• Don Alexander October 30, 2009, 10:24 PM

    Okay, I think I need to bring a bit of order into this chaos…

    Concerning the last point, I’m pretty sure both papers point out that there is NO evidence for this being a Pop III star. Excepting this extreme distance, it looks just like a normal GRB – with the one difference that it is very short temporally. Check out http://arxiv.org/abs/0902.2419 by Zhang et al. (I’m a co-author) for more on that. This also should answer HeadAroundU – “a monster star” meant a supermassive Pop III, whereas this was due to a more normal (probably still 50 solar masses, but nothing extraordinary) star.

    @Aqua: As already more or less stated, the spectra do not allow any analysis beyond the redshift detection. They were taken many hours after the GRB, when the afterglow had already faded by several magnitudes. It just took some time to realize what a special event this GRB is, and by that time it was too late to observe from Hawaii. The TNG (@Jon Hanford: it is 3.6m and proud of it 😛 ) was the first to be able to target it, and then came ISAAC at the VLT (already 17 hours after the GRB).

    @rudeyd: 600 million years after the Big Bang is a loooong time after the Big Bang. With the exception of the fact that reionization was still going on and metallicity was still low, the Universe was just like today.

    @Jon Hanford: We are talking spectroscopically confirmed redshifts here. The WFC3 HUDF observations are fascinating but much less conclusive in terms of distance. Therefore, GRB 090423 rules.

    also @Jon Hanford: Spitzer observed about 45 days after the burst at 3.6 microns (warm mission test phase), detecting a faint source in an ultra-deep integration. A follow-up is planned for early 2010. With high probability, this was still the afterglow, and the host will be too faint for – again probably – ANY existing technology. But for sure, JWST and possibly ALMA will target this source.

    Hope I wasn’t trolling. 😉

  • Lawrence B. Crowell October 31, 2009, 4:55 AM

    This does of course say there is no evidence of there being a supermassive star as the source. GRBs are, as I understand, thought to be due to the collision of two neutron stars. I was speculating that the neutron stars came from PopIII stars. There was an eariler report about PopIII stars being formed in pairs. So maybe the collapsed cores of PopIII stars ended up colliding subsequently. This observed GRB occurred a few hundred My after reionization.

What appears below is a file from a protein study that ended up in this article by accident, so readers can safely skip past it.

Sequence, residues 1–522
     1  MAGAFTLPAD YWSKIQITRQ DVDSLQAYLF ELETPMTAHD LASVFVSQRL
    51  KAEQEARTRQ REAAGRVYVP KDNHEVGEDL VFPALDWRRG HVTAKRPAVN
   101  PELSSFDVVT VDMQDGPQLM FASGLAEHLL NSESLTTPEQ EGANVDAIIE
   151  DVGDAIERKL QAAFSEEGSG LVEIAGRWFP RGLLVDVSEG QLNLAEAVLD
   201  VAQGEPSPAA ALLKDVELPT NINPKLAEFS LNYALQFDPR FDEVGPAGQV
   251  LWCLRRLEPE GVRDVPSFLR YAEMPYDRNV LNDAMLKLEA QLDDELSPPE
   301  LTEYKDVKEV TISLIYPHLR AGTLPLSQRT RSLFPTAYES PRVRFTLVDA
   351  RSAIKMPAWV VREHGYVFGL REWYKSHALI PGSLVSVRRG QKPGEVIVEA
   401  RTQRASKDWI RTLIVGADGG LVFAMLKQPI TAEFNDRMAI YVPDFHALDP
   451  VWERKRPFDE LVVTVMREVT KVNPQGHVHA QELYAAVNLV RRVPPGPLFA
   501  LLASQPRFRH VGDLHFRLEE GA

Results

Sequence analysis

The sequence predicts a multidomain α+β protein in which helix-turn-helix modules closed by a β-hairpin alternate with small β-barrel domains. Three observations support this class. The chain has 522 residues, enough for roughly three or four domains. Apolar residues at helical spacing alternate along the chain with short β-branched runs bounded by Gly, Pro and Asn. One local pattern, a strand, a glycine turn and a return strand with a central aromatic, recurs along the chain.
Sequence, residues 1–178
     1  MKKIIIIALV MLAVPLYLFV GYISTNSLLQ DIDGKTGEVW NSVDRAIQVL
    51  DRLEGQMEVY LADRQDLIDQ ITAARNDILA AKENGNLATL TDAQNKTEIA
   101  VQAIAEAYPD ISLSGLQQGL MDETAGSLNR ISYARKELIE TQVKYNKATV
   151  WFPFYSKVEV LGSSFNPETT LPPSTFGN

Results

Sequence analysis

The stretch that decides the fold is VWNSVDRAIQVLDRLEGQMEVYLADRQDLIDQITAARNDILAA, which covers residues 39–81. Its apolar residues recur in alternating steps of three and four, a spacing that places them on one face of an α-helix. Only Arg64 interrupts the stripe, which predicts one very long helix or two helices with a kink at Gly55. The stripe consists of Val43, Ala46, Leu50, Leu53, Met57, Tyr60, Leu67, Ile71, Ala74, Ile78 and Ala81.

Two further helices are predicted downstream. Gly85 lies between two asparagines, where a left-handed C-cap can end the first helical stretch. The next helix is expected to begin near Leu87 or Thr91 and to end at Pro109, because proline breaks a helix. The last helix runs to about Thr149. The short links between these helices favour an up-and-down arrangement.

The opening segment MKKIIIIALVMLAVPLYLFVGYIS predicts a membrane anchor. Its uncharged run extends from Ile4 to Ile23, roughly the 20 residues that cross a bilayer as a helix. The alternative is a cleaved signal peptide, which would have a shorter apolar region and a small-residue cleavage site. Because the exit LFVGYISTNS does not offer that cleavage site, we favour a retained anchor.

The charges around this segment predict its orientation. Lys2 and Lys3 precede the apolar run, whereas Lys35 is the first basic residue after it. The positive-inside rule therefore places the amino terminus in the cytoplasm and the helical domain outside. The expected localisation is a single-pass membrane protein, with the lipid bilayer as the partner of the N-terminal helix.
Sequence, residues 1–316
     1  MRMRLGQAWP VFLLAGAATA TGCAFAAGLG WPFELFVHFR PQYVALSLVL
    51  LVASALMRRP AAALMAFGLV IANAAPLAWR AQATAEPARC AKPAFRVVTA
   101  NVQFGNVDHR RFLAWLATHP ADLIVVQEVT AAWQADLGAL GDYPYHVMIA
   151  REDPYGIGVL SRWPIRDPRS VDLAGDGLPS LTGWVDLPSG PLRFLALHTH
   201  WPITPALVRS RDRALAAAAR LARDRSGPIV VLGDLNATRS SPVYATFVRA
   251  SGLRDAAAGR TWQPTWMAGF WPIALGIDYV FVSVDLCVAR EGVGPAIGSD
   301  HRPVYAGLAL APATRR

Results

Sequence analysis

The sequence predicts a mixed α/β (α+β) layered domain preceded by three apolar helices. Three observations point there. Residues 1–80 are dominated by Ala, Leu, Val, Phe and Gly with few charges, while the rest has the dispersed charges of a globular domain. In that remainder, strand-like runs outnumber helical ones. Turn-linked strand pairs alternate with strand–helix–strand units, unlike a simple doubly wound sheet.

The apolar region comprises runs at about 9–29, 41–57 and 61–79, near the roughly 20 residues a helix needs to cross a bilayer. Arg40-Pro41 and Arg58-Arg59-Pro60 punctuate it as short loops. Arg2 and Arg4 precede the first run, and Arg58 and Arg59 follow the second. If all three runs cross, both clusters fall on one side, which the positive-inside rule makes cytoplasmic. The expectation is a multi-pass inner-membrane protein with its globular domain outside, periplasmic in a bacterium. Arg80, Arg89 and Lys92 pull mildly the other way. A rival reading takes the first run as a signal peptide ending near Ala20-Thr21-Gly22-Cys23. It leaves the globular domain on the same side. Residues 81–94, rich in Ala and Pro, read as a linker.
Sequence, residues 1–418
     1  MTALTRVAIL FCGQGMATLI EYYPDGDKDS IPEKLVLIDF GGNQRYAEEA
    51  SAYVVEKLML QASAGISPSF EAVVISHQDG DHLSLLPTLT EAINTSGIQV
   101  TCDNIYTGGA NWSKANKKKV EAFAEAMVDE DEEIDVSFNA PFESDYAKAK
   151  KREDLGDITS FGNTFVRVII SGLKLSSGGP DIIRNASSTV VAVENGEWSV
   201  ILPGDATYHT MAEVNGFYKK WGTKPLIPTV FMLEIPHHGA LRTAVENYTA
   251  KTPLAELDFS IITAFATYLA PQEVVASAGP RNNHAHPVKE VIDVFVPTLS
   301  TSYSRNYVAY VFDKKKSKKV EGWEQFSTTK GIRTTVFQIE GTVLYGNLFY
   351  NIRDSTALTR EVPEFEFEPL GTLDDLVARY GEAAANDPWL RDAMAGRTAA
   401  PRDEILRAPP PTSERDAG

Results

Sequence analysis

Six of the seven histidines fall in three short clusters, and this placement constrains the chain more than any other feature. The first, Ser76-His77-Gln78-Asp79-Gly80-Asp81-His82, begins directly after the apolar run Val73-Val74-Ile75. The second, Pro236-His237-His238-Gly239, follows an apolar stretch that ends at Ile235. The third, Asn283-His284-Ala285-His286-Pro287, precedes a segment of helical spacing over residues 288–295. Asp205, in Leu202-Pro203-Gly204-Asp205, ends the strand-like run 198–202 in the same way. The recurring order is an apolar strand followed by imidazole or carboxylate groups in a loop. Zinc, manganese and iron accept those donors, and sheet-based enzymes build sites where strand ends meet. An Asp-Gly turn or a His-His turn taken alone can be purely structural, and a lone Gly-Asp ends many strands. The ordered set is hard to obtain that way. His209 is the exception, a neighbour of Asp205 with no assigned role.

• Jon Hanford October 31, 2009, 7:47 AM

    Don Alexander, thank you for your informative post (from a researcher involved in these studies, to boot).

    Excuse me for my previous error about the size of the TNG scope. Many thanks for your post clarifying and explaining the current observations (and thanks for the link to that 2nd paper). I do realize the difference in spectroscopically derived redshifts and less accurate photometric redshifts used to estimate distances. All these z>8 candidates described in in deep fields (using the photometric dropout method) gives us a rough estimate of the distance to the galaxy, but I have read that photometric redshifts of some extremely distant galaxies/ galaxy clusters may be off up to 20%.

    Also thanks for the clarification as to the properties and epochal age of these distant GRBs.

    Also, what is the current status regarding the use of GRBs as standard candles. IIRC, there was a push in the late ’90s and early ’00s to try to establish GRB luminosities as standard candles. Are there too many variables involved that would preclude the use of GRBs as standard candles?

  • Jon Hanford October 31, 2009, 8:20 AM

    @ Don Alexander, I’ll be anxiously awaiting the publication of the paper detailing the IR observations made by Spitzer and what clues they may hold concerning this distant beacon. Objects like this one also serve to tell us the distribution of neutral hydrogen and other intergalactic clouds between Earth (e.g. the Lyman alpha forest) and the GRB, though supersensitive and timely observations will need to be coordinated. Hopefully the coming armada of giant, land-based scopes, future sensitive orbiting observatories and balloon-borne instruments may provide interesting insights into these enigmatic objects :)

  • Lawrence B. Crowell October 31, 2009, 8:14 PM

    I suppose I am a bit perplexed as to what makes a GRB. I have been under the impression the energy is released in the violent collision of two neutron stars. I guess I have thought these were far more energetic than a supernova.

    Also this event occurred 600 My after the big bang during the reionization period. If this GRB was due to the explosion of a star this star was a PopIII star — by definition. It might not have been a monster star, but it was a star with low metalicity (zero metalicity).


  • Don Alexander November 2, 2009, 12:28 PM

    @Jon: Well, as stated, a second, even deeper stare if planned for February 2010, so maybe the first results will be presented in Kyoto in April. Concerning the Lya forest, these really distant GRB don’t help much, because the Gunn-Peterson effect turns the forest into a wall. Everything blueward of Lyman alpha is completely gone (which normally does not happen until the Lyman cutoff). This is what makes getting photo-zs rather easy though.

    @LBC: Actually, they aren’t. The amount of mass available in a neutron star merger is much less than can be achieved in the cora collapse of a massive star. While short GRBs are though to come from NS-NS (or NS-BH) mergers, long GRBs are unequivocally associated with massive stellar death.
    Point two: Wrong. The first stars ignited somewhere between z = 50 and z =20. By z = 8, reionization was mostly finished, and since Pop III stars only live a few million years, there will already have been like 100 generations of SNe and ISM metal enrichment. At z = 8, true Pop III stars are actually a dying breed! (Though very new research seems to indicate stars massive enough to produce pair-production instability SNe even exist in the nearby universe).